Jolting inefficiency of Meteorological Department
Bangladesh has been experiencing an unsettling surge in seismic activity this year, with nearly 100 earthquakes recorded, including five with a magnitude of 5 or higher. Unfortunately, as highlighted by a recent report by this daily, those tasked with monitoring and interpreting the seismic activities in the country are woefully ill-equipped to do so.
It is disconcerting to note that the Bangladesh Meteorological Department (BMD), responsible for monitoring and interpreting seismic activities, operates with a manual system that is not only cumbersome but also results in a 20-minute delay in disseminating critical earthquake details to the public. In fact, in most cases, the BMD publishes the data after the United States Geological Survey (USGS) makes the information public.
Not only does the BMD not have the necessary software needed to streamline the process and provide immediate and accurate information, especially regarding the earthquake's depth, it also lacks the manpower to monitor and interpret seismic activity. Shockingly, there are no seismologists or geologists at the center, apparently because there were no such posts in the organogram of the organisation created in 1984. A revised organogram has reportedly been submitted to the Cabinet Division, but it is inconceivable that the institution could not revise it over the past 40 years. Meanwhile, with only two officials at the Seismic Observatory and Research Centre, round-the-clock monitoring is impossible. The failure to conduct any research activities since the center's inception in 2007 is a clear indication of the manpower crisis as well as the department's priorities.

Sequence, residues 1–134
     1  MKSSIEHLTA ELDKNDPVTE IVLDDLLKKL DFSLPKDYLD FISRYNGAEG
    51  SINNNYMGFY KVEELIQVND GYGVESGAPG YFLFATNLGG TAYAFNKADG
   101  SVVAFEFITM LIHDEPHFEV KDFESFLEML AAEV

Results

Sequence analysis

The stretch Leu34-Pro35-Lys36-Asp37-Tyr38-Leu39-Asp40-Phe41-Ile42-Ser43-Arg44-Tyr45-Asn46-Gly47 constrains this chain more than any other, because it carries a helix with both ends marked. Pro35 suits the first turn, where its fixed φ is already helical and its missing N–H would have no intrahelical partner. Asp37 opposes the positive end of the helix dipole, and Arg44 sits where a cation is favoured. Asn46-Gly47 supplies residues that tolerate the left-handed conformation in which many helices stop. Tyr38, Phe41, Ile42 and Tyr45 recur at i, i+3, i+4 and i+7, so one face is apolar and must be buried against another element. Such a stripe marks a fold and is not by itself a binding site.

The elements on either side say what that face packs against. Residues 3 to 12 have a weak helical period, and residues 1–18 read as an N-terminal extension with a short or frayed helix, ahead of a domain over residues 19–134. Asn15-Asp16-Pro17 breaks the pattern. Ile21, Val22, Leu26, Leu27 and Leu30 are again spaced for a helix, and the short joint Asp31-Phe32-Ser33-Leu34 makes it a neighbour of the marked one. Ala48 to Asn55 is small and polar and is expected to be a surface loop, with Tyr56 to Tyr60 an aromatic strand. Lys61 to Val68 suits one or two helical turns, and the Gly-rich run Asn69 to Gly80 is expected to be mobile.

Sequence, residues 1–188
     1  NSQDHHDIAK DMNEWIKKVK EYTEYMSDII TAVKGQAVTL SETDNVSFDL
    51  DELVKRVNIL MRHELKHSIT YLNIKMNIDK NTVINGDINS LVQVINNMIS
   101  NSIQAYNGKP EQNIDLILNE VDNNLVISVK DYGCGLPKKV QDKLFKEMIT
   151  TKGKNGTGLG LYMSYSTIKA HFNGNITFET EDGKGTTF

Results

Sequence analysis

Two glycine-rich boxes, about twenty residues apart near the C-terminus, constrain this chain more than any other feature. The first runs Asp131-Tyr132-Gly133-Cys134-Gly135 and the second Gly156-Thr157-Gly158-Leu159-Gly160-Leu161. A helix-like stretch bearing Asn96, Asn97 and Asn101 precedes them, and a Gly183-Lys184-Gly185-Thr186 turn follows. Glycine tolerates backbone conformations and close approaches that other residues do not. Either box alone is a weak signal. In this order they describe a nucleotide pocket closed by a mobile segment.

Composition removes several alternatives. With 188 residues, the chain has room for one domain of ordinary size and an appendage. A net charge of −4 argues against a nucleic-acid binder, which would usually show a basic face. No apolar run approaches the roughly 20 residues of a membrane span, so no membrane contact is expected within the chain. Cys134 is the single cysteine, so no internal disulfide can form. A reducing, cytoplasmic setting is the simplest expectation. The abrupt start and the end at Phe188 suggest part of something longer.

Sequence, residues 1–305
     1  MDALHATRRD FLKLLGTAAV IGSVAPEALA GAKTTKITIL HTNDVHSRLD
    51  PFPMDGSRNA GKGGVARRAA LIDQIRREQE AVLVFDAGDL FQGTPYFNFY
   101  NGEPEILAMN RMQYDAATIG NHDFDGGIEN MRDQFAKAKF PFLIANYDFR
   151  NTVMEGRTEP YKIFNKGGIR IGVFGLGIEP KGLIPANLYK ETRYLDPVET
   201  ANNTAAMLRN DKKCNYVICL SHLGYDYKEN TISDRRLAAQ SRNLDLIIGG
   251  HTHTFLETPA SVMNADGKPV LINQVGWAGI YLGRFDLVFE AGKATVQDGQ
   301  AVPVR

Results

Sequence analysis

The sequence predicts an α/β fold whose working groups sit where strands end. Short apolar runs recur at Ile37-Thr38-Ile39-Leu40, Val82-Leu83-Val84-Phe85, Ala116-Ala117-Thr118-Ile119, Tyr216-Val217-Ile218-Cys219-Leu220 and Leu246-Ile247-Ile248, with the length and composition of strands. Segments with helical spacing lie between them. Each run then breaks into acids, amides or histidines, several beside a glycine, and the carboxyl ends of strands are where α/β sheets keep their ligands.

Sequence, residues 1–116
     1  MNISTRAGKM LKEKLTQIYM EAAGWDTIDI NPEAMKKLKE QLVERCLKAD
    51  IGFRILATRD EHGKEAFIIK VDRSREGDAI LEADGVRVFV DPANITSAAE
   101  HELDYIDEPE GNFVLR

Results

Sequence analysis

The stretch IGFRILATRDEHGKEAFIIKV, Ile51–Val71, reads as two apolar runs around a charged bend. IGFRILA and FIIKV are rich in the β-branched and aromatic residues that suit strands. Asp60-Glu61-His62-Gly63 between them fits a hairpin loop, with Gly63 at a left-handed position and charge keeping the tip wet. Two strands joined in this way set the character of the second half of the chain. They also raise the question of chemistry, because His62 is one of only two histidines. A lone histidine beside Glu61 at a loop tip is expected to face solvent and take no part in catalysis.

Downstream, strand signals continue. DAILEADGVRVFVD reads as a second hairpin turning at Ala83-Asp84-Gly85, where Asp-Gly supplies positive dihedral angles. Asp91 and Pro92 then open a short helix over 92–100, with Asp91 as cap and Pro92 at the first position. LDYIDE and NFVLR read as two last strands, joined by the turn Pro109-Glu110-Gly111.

A comparison reveals that neighbouring countries such as India, Nepal, Sri Lanka, and Pakistan have separate seismic centers equipped with automated machines and messaging systems. The contrast in technological advancement and efficiency underscores the urgency for Bangladesh to embrace modernisation in earthquake monitoring. Despite all the claims of digitalisation, why is our national meteorological department lagging so far behind?
The call for automation is not merely an efficiency measure; it is a necessity for rapid, accurate, and continuous earthquake monitoring. Bangladesh must prioritise the implementation of automated earthquake detection systems. This involves investing in technology, increasing manpower, and collaborating with academic institutions to ensure a robust and efficient seismic monitoring framework. The safety and resilience of the nation depend on the ability to swiftly and accurately respond to seismic threats.